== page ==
But that script only works with search terms and not ads. Perhaps deconstructing ads was less important before Responsive Search Ads came along, but now it seems particularly interesting to have this sort of analysis available as part of a PPC toolkit. So I decided to use this opportunity to illustrate a point I’ve long been making about the power of scripts: You can leverage the work done by others and with just a few tweaks get it to do exactly what you need. So I started with Daniel’s code and changed the inputs from queries to ad texts to gain an entirely new insight.

Split ad text components like headline 1 into n-grams to get insight into what variations of a call-to-action drive results.

If you’re curious about how difficult it was to make this change, the main modification I had to do was to change the AdWords Query Language (AWQL) statement to pull in data from the ad performance report instead of the search query performance report. Just with this change, the script would have been able to solve the basics of my use case. But to make it work better I added a few new user settings as well as some extra code to concatenate headlines and descriptions so that a piece of text that spans 2 lines would still be counted as an n-gram.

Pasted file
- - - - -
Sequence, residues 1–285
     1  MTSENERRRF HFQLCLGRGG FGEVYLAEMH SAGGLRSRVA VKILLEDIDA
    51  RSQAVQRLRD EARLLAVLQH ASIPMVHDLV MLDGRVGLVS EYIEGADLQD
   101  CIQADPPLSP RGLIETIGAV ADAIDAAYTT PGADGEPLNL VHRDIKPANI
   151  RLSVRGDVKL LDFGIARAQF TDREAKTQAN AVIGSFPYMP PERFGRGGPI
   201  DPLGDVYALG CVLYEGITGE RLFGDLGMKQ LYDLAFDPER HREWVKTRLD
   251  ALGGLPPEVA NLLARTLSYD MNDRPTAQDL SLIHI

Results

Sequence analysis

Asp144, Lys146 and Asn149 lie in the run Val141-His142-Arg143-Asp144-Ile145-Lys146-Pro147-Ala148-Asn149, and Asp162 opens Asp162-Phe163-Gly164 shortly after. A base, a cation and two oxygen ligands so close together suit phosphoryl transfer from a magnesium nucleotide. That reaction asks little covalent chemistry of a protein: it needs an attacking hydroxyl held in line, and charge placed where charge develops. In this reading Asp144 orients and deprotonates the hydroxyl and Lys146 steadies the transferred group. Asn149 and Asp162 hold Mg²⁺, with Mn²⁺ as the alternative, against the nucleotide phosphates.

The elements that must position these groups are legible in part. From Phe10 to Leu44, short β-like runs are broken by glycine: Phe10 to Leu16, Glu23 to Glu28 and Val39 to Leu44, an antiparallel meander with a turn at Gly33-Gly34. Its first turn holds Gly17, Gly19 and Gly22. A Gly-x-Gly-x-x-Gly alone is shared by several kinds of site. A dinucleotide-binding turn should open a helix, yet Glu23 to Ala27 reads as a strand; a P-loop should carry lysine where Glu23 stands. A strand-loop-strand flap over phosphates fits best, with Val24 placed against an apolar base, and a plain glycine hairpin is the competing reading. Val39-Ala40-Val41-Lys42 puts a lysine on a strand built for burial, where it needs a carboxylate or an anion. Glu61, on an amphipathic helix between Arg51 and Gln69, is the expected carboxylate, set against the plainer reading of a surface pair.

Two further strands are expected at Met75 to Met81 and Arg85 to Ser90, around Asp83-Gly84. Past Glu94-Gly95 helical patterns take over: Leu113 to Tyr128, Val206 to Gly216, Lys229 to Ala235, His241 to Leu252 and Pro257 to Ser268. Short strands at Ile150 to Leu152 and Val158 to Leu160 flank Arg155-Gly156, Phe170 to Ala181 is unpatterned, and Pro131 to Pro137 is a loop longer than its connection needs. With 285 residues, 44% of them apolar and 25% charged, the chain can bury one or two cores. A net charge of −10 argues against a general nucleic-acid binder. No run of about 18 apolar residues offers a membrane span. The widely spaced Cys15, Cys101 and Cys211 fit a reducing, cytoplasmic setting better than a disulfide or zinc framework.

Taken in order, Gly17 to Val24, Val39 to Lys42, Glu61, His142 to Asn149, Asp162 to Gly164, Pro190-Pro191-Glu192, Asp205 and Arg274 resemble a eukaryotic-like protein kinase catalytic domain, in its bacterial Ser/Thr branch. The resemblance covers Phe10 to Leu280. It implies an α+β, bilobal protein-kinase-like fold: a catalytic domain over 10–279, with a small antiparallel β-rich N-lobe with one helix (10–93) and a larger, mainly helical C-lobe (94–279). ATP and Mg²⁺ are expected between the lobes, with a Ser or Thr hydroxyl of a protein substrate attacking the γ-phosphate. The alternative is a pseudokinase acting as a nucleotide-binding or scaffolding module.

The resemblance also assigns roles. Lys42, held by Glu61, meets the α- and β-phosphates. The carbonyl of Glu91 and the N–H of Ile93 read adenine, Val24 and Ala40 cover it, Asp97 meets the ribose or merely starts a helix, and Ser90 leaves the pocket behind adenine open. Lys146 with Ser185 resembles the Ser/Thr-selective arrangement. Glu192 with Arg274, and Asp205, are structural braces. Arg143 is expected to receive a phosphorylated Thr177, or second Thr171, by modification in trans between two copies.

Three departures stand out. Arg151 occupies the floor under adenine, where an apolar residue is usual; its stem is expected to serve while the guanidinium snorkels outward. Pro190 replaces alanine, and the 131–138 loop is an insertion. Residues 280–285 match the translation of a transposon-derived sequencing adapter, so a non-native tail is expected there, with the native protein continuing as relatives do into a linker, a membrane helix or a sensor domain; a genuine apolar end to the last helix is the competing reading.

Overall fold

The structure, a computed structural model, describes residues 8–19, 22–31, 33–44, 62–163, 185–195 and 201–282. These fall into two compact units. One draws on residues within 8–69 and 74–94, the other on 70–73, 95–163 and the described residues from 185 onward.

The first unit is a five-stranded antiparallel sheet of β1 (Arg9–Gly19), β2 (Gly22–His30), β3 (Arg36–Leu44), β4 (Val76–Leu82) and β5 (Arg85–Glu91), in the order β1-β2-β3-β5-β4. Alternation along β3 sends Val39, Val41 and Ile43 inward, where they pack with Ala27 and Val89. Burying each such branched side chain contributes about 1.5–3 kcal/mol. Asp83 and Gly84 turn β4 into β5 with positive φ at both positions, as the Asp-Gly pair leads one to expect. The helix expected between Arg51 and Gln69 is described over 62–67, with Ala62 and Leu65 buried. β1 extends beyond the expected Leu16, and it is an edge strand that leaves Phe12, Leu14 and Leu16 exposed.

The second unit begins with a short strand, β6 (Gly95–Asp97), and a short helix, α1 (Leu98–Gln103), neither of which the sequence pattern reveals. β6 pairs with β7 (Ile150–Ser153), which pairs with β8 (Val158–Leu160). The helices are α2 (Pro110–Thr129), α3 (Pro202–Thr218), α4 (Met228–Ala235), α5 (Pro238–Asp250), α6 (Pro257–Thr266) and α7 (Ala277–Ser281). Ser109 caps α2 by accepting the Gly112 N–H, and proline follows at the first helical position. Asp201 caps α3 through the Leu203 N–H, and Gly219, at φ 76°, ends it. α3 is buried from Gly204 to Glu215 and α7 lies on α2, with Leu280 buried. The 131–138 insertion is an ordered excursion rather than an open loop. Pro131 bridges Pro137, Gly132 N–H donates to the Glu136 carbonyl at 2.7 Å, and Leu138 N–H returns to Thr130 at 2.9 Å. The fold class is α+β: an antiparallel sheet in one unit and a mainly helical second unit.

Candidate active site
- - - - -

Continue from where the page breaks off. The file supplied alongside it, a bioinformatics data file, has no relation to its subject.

The script

You can copy-and-paste this code into your own Google Ads account (it only takes a few lines of modifications if you want to use the code in an MCC account rather than a child account).

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Get more conversions by deconstructing your PPC ads /get-more-conversions-by-deconstructing-your-ppc-ads-310642 Thu, 17 Jan 2019 13:05:53 +0000 /?p=310642 Columnist Frederick Vallaeys shares a new Google Ads script that will reveal what parts of your ads are worth keeping and which to discard.

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Chefs have been playing with improving the presentation of food by deconstructing meals into their components before recombining them into dishes that are a better version of the ingredients’ former selves. Sounds almost exactly like what PPC experts are doing with ads these days. When creating a responsive search ad, we’re deconstructing our creatives into their core elements which Google can later recombine into must-click ads.